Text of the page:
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About Audacity

Discussion in 'Recording Gear and Equipment [BG]' started by FF Petro, Oct 5, 2008.


  1. FF Petro

    FF Petro

    Feb 16, 2004
    ATL
    I've always be a Sonar user to this point but I have noticed over time on here that most of you are using a Freeware called Audacity.

    Before I download it I had a few questions. Them being: Does it have a limit on the number of tracks? Is it MIDI capable?

    Also, I noticed that there is a beta version. How stable is it? And I like to think I am more skilled than a beginner, and the site states the Beta is for advanced users, do you think I could get away with downloading the beta (if it is stable)?

    Thanks,

    Timothy
     
  2. winston

    winston Supporting Member

    May 2, 2000
    Berkeley, CA
    Audacity is not a replacement for a full-featured DAW like Sonar--it's a multi-track audio editor. I mainly use it for editing stereo WAVs and exporting MP3s. You can edit MIDI files but it has very limited (if any) realtime VST support. Past Audacity betas were buggy for me using XP so I've generally stuck to the stable releases.

    Tools you're used to using in Sonar (score editing, multitrack cut & paste, multi-mode mouse, synth racks, beat detection, multiple markers/ranges, groups/busses, groove quantize, realtime pitch/tempo changes, video, etc.) simply don't exist in Audacity.

    With recording software I think the best strategy is to figure out how to use what you already have as well as you can. After that, if you're missing features, look for software that specifically meets your needs. BTW Sonar 8 was just released.
     
  3. seanm

    seanm I'd kill for a Nobel Peace Prize! Supporting Member

    Feb 19, 2004
    Ottawa, Canada
    We use audacity because it is free :D It makes a great practice tool and can be used for simple recording. As Winston said, it is not a replacement for Sonar.
     
  4. Nyarlathotep

    Nyarlathotep Banned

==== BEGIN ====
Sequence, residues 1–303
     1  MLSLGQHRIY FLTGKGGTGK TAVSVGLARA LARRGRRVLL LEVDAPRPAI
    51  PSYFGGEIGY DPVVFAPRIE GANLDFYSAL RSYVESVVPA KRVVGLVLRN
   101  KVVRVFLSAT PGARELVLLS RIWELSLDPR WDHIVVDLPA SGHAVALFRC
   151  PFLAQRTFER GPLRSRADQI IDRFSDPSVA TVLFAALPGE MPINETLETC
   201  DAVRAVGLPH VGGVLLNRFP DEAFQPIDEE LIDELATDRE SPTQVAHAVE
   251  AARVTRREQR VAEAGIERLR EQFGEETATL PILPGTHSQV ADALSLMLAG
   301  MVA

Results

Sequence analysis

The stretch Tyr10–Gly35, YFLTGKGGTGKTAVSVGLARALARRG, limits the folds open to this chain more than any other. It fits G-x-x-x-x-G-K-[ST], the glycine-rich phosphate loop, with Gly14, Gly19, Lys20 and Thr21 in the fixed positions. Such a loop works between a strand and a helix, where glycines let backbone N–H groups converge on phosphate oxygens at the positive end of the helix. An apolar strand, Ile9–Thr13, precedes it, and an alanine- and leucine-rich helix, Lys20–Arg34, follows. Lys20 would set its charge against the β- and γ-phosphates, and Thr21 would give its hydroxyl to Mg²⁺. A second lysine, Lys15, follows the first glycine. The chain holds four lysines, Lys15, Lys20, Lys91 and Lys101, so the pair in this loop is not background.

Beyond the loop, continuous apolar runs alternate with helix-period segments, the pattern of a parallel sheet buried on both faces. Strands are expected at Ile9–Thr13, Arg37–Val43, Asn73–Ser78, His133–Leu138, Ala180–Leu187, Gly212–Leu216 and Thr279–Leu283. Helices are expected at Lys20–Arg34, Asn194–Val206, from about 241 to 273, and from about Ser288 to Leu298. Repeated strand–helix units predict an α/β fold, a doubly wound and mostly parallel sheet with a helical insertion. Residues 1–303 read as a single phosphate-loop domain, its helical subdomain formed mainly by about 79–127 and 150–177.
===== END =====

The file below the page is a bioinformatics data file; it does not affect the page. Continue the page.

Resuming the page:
Feb 5, 2006
    West Coast of Canada
    iirc it has a 16 or 32 track limit. I haven't recorded anything in a while so Im not quite sure.

    +1 to seanm's "free" comment.
     
  5. It's nice and handy and free. I use it to turn my tapes into wav and mp3 format.

    Once I get really serious about recording, I'll move to one of the others out there.
    Right now I'm leaning toward melodyne.

    MM
     
  6. If you are looking for a more full featured DAW then check out Reaper. http://www.reaper.fm/

    I use Reaper all the time and Sonar only occasionally these days. It's an amazing little system!
     
  7. 51m0n

    51m0n

    Jun 30, 2005
    +LOTS

    Reaper is excellent IMO & IME. Very very very good for the price! Very full featured, the bundled FX (comps, EQ etc) work really well and are very very CPU light
     
  8. reaper also runs on Linux using WINE with no problems.
     
  9. DWBass

    DWBass The Funkfather

    nTrack is another really good full featured DAW for cheap! I personally use Acid Pro as my go to program.
     
  10. climb

    climb

    May 1, 2007
    Baltimore, MD
    For what it offers, Audacity is fantastic. Very stable; I use it for science experiments in my lab and have never had any issues with it.

    There's one small bug--the normalize feature can sometimes add some noise, so careful when using it.
     
  11. Maladroit1

    Maladroit1

    Jul 7, 2004
    St. Louis
    Hope this is not a hijack but what would you guys recommend for simply chopping the tracks I record with my Zoom H2 into seperate mp3 files? All I am really doing is hitting the record button when we start band practice and would like an easy way to chop up the songs. The simpler the better. I have been using Acoustica Mixcraft and although it is really easy to use it is kind of buggy and I have lost all of my work several times using that software.
     
  12. DWBass

    DWBass The Funkfather

    Audicity will do that. Just edit the parts you want and rename them without saving the original file or your whole rehearsal will be lost. I do it all the time although I use other programs. Again, be sure to rename the new files. Do not edit and save the original file. Another method I use is to make copies of the original file (depends on how many songs). The go ahead and edit and save each invidual file.
     
  13. Nyarlathotep

    Nyarlathotep Banned

    Feb 5, 2006
    West Coast of Canada
    Audacity would be perfect for what you're doing there Maladroit1

    IMHO of course :D
     
  14. Maladroit1

    Maladroit1

    Jul 7, 2004
    St. Louis
    I guess I am just spoiled by Mixcraft. In that software you just simply put markers between each track. After you have marked all of the songs you can mix them all down to seperate MP3 files at one time. It works great but unfortunately it tends to lock up sometimes.
     
  15. Audacity is a perfect stand alone track/file editor when paired with a DAW.

    I use N-Track with Audacity as the file editor.
     
  16. seanm

    seanm I'd kill for a Nobel Peace Prize! Supporting Member

    Feb 19, 2004
    Ottawa, Canada
    What I do is highlight the song, I usually highlight a bit too much each way. Then export the selection.

    Then I open the new file and clean it up. Audacity can add fade ins and fade outs.
     
  17. lowendisthebest

    lowendisthebest Aspiring BasStard

    i have audacity and i am having a prob. when i play a track it sounds like a record player playing the record too fast. help
     

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